Editor’s Note: In the office there’s a bit of a running joke about my taste in watches – that I *only* like 36mm vintage pieces. And while I do own one 36mm vintage watch, the two watches I wear most often are 40 and 45mm respectively (both new, btw). I used to be much more into the old stuff, but these days not so much.
When I first started getting seriously into watches, I was all about vintage. In my mind this is where it was at. I lusted after the IWC Mark XI, the Omega Memomatic and the Tudor Advisor. I’d wince when a brand ‘updated’ its icon, which invariably meant making it bigger, wider and to my eyes, uglier. With the rosy-tint of nostalgia for a life that was gone before I was born, I was sure perfection in watch design was reached in the pre-CAD times of the mid-’70s (it goes without saying that I thought the ’80s was a horological dead-zone full of quartz, Swatch and two-tone).
Fast forward to today – I’ve learned a little more about watches, and have come to a realisation. I’m no longer a vintage watch guy. Don’t get me wrong, I still wear and buy vintage pieces, but these days I’m much more likely to spend my own coin on a recently released piece. What changed? Well, I changed a little, but the landscape changed a lot more. Here’s how.
In the past 10-15 years, interest in vintage watches has exploded. This has resulted in two things. A massive increase in demand for vintage pieces, and an ever decreasing supply of watches, at all levels. On one hand that’s made the thrill of the chase (which is a huge part of the fun in buying vintage) that much sweeter. But I’ve also found it increasingly tiring and demoralising to wade through bad re-dials, scammers and unreasonable expectations at every turn. On the other hand, the big brands have all cottoned on to the fact people are hot for vintage right now, which means that over the past five or so years we’ve seen increasingly nuanced and sophisticated vintage reissues hit the market. And while watches like the Tudor Black Bay, the Omega Seamaster 300 or the Oris Divers Sixty-Five will never fully replicate the watches that inspired them, it’s a heck of a lot easier to buy a new one than to track down an original, and the reissue has all the advantages of being new.
Modern watches have their vintage counterparts beat when it comes to mechanical reliability. Better shock protection, longer power reserve, improved components and warranty – and that’s before we take into account the fact that by definition a vintage watch is well, old. Parts of the movement could be worn out, ready to break at a moment’s notice, and irreplaceable when they do. And I haven’t even started on franken-watches. Even seasoned collectors get fooled by dodgy dials and gussied up cases. Again, I’m not trying to say vintage doesn’t have its place, but after having had a watch in service for well over a year and having sourced numerous hapless ‘donor’ movements, the novelty wears thin. As do the ‘quirks’. Hands up if you’ve had a piece with a sticky pusher, or a crown that you need to jiggle in just that certain way to, you know, set the time. Which you need to do often because it’s got 36 hours of power reserve. Maybe I’m showing my age here, but I’m finding this sort of charm less charming every day.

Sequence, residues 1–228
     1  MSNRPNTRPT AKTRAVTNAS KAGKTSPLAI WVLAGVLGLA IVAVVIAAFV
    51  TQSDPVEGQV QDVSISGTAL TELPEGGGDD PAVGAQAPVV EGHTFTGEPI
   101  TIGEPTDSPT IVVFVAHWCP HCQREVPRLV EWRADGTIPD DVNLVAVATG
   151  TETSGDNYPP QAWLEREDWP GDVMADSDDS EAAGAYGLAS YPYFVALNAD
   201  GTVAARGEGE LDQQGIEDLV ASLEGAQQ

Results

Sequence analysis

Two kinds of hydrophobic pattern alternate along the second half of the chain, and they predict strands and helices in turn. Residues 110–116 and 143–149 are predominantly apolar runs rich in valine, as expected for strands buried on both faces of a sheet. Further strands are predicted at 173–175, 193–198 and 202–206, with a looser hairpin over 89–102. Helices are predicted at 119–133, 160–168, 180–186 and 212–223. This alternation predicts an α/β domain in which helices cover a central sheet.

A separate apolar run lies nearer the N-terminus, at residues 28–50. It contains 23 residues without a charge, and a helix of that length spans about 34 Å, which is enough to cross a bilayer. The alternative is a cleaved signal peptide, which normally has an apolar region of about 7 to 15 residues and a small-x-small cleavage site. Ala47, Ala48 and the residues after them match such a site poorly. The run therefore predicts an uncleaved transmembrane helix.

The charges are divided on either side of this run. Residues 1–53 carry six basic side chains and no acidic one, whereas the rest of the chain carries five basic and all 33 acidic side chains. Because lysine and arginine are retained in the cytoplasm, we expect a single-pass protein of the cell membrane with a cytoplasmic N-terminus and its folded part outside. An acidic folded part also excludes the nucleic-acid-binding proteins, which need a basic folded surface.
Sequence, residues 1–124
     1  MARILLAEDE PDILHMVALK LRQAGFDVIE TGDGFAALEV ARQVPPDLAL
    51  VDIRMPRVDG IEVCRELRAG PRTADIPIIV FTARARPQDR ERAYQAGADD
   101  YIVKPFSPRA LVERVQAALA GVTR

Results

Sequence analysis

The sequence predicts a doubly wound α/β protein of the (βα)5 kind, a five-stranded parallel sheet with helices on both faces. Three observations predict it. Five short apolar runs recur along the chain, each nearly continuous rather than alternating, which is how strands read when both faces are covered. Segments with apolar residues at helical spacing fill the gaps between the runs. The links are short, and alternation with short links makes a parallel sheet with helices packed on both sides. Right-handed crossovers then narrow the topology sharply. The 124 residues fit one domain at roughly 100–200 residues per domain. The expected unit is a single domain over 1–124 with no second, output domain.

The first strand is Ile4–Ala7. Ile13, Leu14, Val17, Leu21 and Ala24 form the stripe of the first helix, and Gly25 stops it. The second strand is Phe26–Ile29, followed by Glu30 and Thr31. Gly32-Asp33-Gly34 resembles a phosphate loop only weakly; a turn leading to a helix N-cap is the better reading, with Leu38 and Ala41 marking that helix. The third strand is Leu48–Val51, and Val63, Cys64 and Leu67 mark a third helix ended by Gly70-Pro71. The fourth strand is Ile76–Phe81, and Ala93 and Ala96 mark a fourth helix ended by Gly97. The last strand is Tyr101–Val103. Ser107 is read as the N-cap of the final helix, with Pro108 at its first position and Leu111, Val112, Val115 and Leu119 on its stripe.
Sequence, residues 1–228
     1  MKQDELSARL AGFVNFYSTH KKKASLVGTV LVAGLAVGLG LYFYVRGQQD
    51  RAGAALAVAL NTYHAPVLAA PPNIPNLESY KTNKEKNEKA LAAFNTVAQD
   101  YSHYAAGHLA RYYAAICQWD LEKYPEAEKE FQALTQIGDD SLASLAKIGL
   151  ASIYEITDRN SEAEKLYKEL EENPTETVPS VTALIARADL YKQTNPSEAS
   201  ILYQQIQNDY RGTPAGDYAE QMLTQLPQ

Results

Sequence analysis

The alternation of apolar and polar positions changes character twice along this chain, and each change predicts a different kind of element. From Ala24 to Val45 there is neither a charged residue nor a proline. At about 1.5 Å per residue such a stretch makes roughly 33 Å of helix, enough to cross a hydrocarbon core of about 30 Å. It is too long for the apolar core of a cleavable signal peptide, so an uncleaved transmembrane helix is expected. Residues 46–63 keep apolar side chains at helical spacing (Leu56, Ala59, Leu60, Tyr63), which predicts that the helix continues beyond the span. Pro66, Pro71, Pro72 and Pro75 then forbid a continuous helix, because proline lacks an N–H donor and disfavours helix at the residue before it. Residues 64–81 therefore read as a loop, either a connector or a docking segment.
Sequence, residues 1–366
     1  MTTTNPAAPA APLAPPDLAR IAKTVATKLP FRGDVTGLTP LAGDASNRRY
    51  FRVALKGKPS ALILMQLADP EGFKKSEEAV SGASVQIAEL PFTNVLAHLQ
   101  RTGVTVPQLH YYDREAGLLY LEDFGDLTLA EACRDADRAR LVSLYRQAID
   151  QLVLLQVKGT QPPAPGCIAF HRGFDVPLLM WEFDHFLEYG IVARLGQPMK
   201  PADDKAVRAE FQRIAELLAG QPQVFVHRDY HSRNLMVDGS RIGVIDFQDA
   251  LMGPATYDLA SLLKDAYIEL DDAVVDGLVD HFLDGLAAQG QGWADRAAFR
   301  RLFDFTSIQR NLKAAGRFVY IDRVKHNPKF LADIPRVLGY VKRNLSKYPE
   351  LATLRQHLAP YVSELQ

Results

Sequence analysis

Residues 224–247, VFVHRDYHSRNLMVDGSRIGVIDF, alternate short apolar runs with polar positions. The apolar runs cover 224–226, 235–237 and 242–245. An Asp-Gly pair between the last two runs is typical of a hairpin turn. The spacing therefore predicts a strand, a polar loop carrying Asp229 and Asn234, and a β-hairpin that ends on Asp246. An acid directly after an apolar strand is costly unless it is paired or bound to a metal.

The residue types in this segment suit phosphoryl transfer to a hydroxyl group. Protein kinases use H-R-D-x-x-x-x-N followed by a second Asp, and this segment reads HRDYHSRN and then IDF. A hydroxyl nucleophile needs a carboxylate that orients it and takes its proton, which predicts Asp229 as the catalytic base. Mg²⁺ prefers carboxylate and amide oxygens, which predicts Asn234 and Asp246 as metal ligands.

The final major factor that has turned me off vintage is, of course, the cost. I haven’t been doing this long enough to be able to share tales of buying a Comex Submariner for thruppence off the Plymouth docks, but in the years that I’ve been paying attention, the market average for certain references or models I’ve always kept my eye on has doubled or tripled. And I’m not talking about the primo-investment grade stuff, or even the rarer references. I’m talking about nice, honest pieces with a bit of character and age. Your basic Heuer chronos, Rolex or Tudor subs, Omega Speedmasters – that sort of thing. I did economics 101 back in school and get that supply = demand, so I understand why prices are what they are right now, but I’m not buying the hype. That’s not to say there aren’t great pieces to be had at fair prices – or even the occasional amazing barn find, but the number of needles in the haystack is rapidly decreasing. The main question I ask myself as I browse vintage sales ads is – how long can this last?
The last major reason I no longer call myself a vintage watch guy is a little more existential. I’m increasingly less interested in the stories behind a vintage watch, and more concerned with creating my own. I like knowing where and why I bought it and how each of those scratches and scars got there. They’re reminders of where I’ve been and what I’ve done. A patina I’ve earned, not acquired.